And although the distribution includes bread, cereal and canned goods, there is increasing focus among church food banks to supply fresh vegetables and meat for the good health of those in need. Fresh food thats the key to lowering high blood pressure and diabetes, said Jeri Bailey, director of the food pantry at the Dupont Park Seventh-Day Adventist Church, who was at the food bank the same day as Nwaneri. We prepare bags for 130families a week that includes a meat, fresh greens, canned goods and other items, Bailey said. But the distribution of fresh food means extra attention must be paid to ensuring that the donated perishables dont spoil. Nearly 36 million tons of food were wasted nationally in 2011, said Nancy Roman, president of the Capital Area Food Bank. Roman recently helped organize a summit in Alexandria to address how local churches and organizations can reduce food spoilage. Participants included Ben Simon, founder of the Food Recovery Network at the University of Maryland; Elise H. Golan, director for sustainable development at the Department of Agriculture; Tom ODonnell, an environmental scientist for the Environmental Protection Agency; and Meghan Stasz, director of sustainability for the Grocery Manufacturers Association, which represents such major brands as Kraft, General Mills and Nestle. Food waste is getting some attention from federal agencies, but [the summit] really connected it to people serving in the communities to begin a conversation that is needed in our region, Roman said in an interview. We are committed to fresh food and vegetables, but we have to pay attention to waste. As panelists talked about how more and more companies are allowed to give out food because of Good Samaritan donation laws, Gerri Magruder, coordinator of the food pantry at First Baptist Church of Capitol Heights , stood in frustration. I want real-life specifics. I would like to leave here with real solutions, said Magruder, who told the panel that there was a shortage of fresh produce when her volunteers recently went to the main food bank to pick up items for their weekly community giveaways.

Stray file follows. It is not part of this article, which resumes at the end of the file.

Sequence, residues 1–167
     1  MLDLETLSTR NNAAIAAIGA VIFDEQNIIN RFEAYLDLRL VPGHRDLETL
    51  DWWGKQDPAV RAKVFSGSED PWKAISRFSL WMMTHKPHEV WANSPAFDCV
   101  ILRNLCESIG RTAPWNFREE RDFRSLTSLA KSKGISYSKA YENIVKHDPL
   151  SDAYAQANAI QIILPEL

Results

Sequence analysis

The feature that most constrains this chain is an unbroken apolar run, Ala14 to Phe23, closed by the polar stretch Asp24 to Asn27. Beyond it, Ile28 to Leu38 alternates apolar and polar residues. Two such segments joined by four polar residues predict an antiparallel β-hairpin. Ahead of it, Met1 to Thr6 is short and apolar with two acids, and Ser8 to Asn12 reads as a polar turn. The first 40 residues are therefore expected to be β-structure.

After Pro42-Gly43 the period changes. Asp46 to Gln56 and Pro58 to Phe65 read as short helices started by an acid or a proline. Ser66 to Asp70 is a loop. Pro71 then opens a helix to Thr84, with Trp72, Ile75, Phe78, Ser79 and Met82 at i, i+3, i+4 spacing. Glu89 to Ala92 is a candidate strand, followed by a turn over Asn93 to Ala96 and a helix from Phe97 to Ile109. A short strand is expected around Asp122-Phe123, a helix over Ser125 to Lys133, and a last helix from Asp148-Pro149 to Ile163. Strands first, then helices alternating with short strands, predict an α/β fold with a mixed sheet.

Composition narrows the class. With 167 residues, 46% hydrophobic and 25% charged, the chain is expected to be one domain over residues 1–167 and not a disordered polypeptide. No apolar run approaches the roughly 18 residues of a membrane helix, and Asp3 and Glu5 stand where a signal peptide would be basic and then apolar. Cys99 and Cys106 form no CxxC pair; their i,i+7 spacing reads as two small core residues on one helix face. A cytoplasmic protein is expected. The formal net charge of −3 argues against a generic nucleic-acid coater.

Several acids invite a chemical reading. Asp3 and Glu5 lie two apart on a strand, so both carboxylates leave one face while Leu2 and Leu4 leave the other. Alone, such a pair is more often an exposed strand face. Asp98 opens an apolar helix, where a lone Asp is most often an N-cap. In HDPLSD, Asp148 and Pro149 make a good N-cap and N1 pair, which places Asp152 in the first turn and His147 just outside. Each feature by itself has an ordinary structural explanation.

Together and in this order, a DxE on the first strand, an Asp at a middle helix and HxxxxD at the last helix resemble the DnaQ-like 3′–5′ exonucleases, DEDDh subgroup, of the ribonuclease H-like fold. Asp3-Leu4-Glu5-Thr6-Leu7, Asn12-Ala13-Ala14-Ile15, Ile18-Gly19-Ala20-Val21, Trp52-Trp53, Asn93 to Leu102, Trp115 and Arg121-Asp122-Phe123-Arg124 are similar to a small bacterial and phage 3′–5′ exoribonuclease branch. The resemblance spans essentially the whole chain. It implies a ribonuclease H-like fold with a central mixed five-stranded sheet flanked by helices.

While the most recent food price spike in 2011 was triggered by a lack of cereal supply, the recent declines in food prices are mainly due to higher expected supplies of corn this year. The FAO index averaged 199.1 points in September, 1% lower than in August and 5.4% lower since the start of the year. Global cereal production, which includes wheat and corn, is expected to be 8% higher over 2012s level, at 2.49 billion tons. The U.S., the worlds largest corn producer, is responsible for the bulk of the increase, expected to harvest a record crop of 348 million tonsthats 27% higher than the previous year. U.S. corn supplies have been tight since the size of last years harvest was hit by severe drought. But after high acreage seeded with corn this spring and largely favorable summer weather, the U.S. Department of Agriculture forecasts record U.S. corn output this year. That should push corn prices lower. Current levels mark a drastic turnaround since food prices soared to new heights in early 2011 amid global supply constraints for cereals, sugar and cocoa. Rising food prices helped spark the unrestknown as the Arab Springthat analysts say ultimately ousted the leaders of Tunisia, Egypt and Libya.